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If you store your payments records in a Payments table related to the Students table, there is no need to 'save' or 'export' anything, since you create these records as you need them; performing a Find by studentID and/or date /range) will automatically return a found set of the appropriate records (if they exist), which lets you create a report for January, February or every other date range / criterion.
For example, a database for student management is different every month, so we want to save all the payment records and other stuffs in a 'set' named "January".
No, it's not – what's different are the data in each record, but the structure is the same – and a month can be derived from a date attribute. I take it you don't use one table for male and another one for female students…?
Note that it makes sense to frequently pre-compute figures like a monthly revenue and store those in a dedicated table, which speeds up your database performance, since you no longer need to calculate them each time you need to display them, or use them for other purposes; but the data these figures are based on are still stored in their own table.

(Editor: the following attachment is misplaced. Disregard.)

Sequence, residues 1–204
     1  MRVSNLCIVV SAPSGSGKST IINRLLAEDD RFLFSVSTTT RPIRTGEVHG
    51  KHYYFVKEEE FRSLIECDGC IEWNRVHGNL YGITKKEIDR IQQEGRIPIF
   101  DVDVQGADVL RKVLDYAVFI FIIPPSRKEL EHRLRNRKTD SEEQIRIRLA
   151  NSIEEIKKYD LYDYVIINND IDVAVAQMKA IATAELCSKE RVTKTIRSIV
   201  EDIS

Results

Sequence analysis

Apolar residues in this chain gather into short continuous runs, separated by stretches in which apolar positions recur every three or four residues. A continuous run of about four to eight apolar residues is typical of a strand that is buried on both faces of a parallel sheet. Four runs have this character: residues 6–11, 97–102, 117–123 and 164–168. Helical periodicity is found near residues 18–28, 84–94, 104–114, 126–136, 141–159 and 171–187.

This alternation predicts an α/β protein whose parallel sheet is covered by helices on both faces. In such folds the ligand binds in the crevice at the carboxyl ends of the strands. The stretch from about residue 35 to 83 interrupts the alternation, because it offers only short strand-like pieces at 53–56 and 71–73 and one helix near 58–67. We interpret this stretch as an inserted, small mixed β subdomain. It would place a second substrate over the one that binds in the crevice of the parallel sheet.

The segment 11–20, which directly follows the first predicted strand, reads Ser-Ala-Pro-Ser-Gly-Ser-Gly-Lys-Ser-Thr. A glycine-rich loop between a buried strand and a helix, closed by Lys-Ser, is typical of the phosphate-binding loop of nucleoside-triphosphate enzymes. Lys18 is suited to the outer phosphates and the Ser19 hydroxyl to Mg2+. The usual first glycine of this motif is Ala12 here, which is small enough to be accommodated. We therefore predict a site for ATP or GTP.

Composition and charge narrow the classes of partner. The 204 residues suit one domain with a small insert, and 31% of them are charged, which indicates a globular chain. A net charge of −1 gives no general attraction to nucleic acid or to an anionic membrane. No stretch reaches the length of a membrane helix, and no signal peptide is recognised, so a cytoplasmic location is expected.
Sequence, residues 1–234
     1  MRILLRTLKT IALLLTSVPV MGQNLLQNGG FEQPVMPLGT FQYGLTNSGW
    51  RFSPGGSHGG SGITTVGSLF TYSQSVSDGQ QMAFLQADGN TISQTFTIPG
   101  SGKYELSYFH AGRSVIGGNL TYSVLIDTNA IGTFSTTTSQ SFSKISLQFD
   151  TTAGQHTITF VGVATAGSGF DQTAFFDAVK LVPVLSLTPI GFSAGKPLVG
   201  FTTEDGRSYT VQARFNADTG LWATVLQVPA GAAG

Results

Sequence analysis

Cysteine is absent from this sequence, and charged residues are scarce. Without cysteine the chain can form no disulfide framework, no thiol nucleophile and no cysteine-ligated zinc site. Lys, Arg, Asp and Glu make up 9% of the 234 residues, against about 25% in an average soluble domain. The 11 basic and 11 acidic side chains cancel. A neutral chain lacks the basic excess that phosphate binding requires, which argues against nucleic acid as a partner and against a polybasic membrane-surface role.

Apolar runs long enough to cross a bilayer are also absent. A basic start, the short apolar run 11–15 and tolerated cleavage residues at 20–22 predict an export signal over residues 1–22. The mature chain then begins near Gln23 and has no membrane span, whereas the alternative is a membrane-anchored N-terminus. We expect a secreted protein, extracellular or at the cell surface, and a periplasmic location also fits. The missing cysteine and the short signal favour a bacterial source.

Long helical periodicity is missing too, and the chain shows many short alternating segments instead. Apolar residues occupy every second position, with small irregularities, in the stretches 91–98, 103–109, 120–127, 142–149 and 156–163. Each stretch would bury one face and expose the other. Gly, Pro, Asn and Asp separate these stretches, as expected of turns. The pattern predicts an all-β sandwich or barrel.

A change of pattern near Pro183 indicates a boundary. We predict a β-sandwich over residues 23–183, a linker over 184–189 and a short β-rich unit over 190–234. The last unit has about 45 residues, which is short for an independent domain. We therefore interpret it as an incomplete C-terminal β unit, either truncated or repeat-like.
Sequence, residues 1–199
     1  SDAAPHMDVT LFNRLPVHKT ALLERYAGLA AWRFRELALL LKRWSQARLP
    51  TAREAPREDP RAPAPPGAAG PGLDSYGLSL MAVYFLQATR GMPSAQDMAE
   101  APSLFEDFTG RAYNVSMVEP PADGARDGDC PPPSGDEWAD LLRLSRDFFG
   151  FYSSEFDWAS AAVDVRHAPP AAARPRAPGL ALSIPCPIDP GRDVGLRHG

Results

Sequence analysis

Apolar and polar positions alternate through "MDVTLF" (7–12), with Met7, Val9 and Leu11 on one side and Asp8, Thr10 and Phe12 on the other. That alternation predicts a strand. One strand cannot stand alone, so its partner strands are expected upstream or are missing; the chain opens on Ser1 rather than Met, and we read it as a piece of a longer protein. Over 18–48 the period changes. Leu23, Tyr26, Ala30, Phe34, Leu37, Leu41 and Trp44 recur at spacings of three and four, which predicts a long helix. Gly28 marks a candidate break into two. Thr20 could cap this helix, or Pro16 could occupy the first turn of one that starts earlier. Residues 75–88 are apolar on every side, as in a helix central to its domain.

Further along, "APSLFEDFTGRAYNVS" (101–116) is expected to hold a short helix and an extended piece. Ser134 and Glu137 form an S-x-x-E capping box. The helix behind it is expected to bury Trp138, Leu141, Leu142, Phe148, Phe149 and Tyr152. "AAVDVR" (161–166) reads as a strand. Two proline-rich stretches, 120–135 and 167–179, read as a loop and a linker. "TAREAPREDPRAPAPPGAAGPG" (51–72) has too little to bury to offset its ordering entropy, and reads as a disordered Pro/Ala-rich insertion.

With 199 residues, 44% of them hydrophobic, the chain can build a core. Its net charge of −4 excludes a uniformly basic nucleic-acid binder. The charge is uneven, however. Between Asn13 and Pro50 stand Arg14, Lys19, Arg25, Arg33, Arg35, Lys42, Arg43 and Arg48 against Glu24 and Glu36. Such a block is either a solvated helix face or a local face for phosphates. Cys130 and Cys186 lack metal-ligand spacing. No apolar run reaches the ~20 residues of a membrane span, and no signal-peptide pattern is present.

Your question as such, and the fact that your screenshots show an enormous number of fields for several of your tables, leads me to believe that you have structural issues. I suggest you read about database normalization, entities and attributes. It's the rare entity that needs 172 attributes for a full description (even accounting for a small number of calc and summary fields), unless you're dealing with scientific topics and 'things', which I gather you do not.